What if I told you that by changing the way you talk to your customers, you could drive more results and get more people to buy?
That sounds like a lofty claim, but hear me out.
Language is the most powerful tool in the human arsenal. Not only does it communicate, but it can actually make you feel, think, and act.
Think about that last great billboard or tv ad you saw. Did it move you? Did it make you laugh? Did it remind you of a loved one? Did it make you curious? Did you absolutely hate it? Think about the messaging, and reflect on the language that was used and the impact it had on you.
If marketing is all about promoting our brand, products, and services, then messaging and language is the vehicle that we use to do so.
Knowing the impact that language can have, we can actually use our words more strategically to persuade our customers to purchase our product or service.
With language, we can pinpoint their problems, bring them on a journey, and call them to action.
What I’m going to talk to you about today is something called Rhetoric. Rhetoric is the study of arguments and persuasion.
This is actually what I got my degree in. Rhetoric is a branch of English studies and literally guides you through how to formulate the best argument so that your when you talk to your audience, you make them feel, think, and act.
So, when we apply rhetoric to marketing, we are able to craft the perfect marketing message that persuades our customers to buy.
Are you ready to learn the secret about persuasive copywriting? Are you ready to drive more leads just by changing your language?
Let’s get to it.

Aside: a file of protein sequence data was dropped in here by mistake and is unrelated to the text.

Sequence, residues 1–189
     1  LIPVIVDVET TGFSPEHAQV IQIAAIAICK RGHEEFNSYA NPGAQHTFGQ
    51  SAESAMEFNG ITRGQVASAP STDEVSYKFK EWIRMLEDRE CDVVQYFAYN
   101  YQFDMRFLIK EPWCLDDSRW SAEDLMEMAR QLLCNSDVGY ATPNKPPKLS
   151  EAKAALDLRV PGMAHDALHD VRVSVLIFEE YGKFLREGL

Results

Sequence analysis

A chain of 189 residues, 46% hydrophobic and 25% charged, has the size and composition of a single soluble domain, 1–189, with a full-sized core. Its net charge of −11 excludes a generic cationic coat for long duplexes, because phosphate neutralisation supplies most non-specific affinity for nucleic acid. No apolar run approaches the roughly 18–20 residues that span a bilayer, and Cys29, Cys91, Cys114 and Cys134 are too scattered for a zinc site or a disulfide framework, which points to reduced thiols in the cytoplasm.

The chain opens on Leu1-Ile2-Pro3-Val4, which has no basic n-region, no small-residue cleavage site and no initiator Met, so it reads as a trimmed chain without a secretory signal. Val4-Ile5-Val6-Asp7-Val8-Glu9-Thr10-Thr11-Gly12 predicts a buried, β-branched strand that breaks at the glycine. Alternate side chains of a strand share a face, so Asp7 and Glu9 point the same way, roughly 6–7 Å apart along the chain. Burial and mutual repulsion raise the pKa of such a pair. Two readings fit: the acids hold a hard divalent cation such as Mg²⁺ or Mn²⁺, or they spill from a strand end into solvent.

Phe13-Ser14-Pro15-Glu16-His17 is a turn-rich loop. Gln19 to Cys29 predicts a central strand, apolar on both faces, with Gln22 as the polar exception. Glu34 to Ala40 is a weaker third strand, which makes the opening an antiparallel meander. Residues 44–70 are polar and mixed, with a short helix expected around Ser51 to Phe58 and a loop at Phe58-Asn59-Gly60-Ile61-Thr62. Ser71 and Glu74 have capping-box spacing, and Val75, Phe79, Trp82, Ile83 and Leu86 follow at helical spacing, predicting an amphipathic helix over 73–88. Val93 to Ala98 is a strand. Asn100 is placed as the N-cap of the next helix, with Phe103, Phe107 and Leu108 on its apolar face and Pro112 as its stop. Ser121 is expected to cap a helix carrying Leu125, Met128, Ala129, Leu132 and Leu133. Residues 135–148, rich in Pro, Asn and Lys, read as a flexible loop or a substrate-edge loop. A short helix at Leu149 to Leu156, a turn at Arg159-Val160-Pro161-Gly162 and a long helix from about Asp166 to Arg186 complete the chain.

What is Rhetoric?
So, like I mentioned, rhetoric is the study of arguments and persuasion. Rhetoric largely comes from the Greek philosophers Aristotle and is used today in everything from politics to advertising.
When I get through, I bet you use rhetoric in your everyday lives and conversations as well and didn’t even know it.
Three Core Principles of Rhetoric
There are three core principles of rhetoric and persuasion:
Pathos is the appeal to emotions. This is what makes us feel.
Whenever I explain pathos, I always think of that awful commercial where they have a celebrity telling you to donate to an animal shelter, and they have all these sad dogs playing on the screen with heartbreaking music. At the end, they ask you to donate to save a dog’s life. You are left feeling depressed, heartbroken, and maybe a bit guilty. This is a direct appeal to your emotions. Probably too strong of an appeal to your emotions, to be honest.
You can persuade people emotionally by telling a story, taking them on a journey, and using vivid and descriptive imagery.
In fact, the word “Imagine” is one of the most powerful persuasive words because it calls the audience to put themselves into a situation and feel it.
Logos appeals to someone’s sense of logic. This might be a statistic, going over objections, FAQs, data, case studies, etc. This is all of the cold hard evidence that someone needs to feel good about a purchasing decision.
Ethos appeals to their sense of credibility. This is your chance to explain why you are an authority on the subject.
How to Use Rhetoric in Marketing
A great marketing message will combine all of these. Here’s an example that uses all three:
Imagine living a life free of back pain. x% of people suffer from long-term back discomfort. As a licensed chiropractor, I’m here to help alleviate the pain you are feeling now and prevent that same pain from interrupting your life in the future.